From Superman to the Gipper, the nation lost icons from the worlds of entertainment, national and international politics -- some universally revered, some controversial, but all interesting. The world is a different place for their contributions.
The 40th president of the United States who went from Hollywood actor to leader of the free world, Ronald Reagan died June 5 at 93. Known for his conservative vision and sunny outlook that transformed America, he succumbed to the Alzheimer's disease that he was diagnosed with in 1989 after leaving office.
A journeyman actor, union president and California governor before he won the presidency in a landslide on his third try, Reagan became known as the Great Communicator. With movie-star charisma and a natural feel for television cameras, he rejuvenated the Republican Party, and along with it, the nation.
Critics protested his cuts in social programs, his buildup in military spending and a hands-off management style that led to a series of scandals. But many Americans enjoyed an economic joyride during his eight years in office, once "Reaganomics" wrenched the country out of the stagnation and malaise of the Carter years.
Christopher Reeve, the actor who gained fame as "Superman" and became known for his bravery and tireless activism after a near-fatal spinal cord injury, died Oct. 10 of heart failure at 52.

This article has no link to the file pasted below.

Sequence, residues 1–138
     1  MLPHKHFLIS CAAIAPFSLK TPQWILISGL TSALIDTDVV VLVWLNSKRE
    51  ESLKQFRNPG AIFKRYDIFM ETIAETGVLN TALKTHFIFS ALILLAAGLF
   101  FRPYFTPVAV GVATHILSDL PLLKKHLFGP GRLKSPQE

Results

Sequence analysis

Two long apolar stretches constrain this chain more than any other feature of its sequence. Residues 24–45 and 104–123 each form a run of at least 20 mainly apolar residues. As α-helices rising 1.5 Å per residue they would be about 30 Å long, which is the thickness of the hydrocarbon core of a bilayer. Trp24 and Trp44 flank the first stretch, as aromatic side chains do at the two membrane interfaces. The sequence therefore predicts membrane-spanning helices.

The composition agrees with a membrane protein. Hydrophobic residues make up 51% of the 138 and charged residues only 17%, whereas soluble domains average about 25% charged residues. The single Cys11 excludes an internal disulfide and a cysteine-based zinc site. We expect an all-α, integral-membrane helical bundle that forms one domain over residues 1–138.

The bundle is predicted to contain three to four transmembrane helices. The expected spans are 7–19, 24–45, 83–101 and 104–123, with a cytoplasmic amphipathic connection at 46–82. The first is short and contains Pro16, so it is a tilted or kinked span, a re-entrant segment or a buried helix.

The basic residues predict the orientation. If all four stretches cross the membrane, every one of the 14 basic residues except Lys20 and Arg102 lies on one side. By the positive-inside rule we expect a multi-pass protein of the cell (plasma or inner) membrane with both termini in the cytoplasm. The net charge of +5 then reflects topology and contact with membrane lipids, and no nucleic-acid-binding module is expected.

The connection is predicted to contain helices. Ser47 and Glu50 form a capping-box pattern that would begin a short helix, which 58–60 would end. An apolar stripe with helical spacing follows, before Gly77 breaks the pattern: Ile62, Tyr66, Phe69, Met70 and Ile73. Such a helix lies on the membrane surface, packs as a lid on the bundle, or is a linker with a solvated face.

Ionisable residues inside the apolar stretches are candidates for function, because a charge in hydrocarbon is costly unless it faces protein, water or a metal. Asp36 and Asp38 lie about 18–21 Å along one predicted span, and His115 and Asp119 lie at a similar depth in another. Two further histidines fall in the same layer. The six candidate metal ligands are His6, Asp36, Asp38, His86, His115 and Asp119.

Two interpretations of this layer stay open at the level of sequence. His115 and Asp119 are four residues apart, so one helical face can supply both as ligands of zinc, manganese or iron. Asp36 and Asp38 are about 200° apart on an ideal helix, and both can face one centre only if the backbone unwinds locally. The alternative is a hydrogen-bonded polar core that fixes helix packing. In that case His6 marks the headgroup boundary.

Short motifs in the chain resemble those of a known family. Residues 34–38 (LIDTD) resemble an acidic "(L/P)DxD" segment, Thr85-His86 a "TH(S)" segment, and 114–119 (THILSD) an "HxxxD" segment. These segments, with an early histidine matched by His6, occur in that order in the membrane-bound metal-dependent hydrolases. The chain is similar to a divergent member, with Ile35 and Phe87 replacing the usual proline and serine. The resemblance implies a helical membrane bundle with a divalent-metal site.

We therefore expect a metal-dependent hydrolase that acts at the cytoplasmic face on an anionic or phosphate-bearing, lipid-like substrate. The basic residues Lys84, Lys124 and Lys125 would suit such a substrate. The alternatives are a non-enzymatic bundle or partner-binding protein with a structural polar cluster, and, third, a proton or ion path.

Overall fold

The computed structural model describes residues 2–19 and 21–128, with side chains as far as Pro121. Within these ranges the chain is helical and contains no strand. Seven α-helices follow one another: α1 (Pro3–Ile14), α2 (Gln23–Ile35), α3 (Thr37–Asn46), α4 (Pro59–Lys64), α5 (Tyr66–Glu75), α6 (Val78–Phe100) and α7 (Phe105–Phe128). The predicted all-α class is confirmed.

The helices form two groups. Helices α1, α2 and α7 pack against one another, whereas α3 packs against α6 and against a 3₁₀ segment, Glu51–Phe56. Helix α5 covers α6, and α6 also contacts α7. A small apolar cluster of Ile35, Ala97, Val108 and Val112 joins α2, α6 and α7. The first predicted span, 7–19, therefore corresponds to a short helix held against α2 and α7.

With an "S" emblazoned across his chiseled chest, Reeve became the most famous movie actor to take on the role of the comic book hero from planet Krypton, who could bend steel, repel bullets and fly through the air to save damsels in distress, occasionally taking them back to his crystal lair. The 1978 blockbuster led to a series of sequels.
Reeve was paralyzed from the neck down when he was thrown from a horse during an equestrian competition in 1995. When he realized he could not breathe without a respirator, he contemplated "pulling the plug," he admitted in an exclusive interview with ABC News' Barbara Walters just months after the tragedy.
Instead, he became an outspoken advocate for spinal cord injury research, raising money, writing books, testifying before Congress and giving motivational speeches all over the country.
Yasser Arafat, the Palestinian leader who fought for statehood and went from using terrorism as a policy to winning the Nobel Peace Prize, died Nov. 11 of multiple organ failure.
Under Arafat's leadership, the PLO carried out some of the world's most infamous terrorist attacks, but he was a consistent symbol of the decades-long Palestinian liberation struggle.
Through years of global wanderings, five Arab-Israeli wars, two violent intifadas and several attempts at peace, Arafat became a rallying point for the Palestinian people, even as they often felt at odds with his dictatorial and sometimes mercurial leadership style.
For four decades, Arafat was a symbol their struggle. Although he spent the last few years holed up in his compound in Ramallah, shunned by the United States and Israeli negotiators, Arafat never lost his hold on the Palestinian people.
Ray Charles, the legendary singer and piano player whose songs like "What'd I Say" and "Georgia on My Mind" became American classics, died June 10 at 73 from liver disease.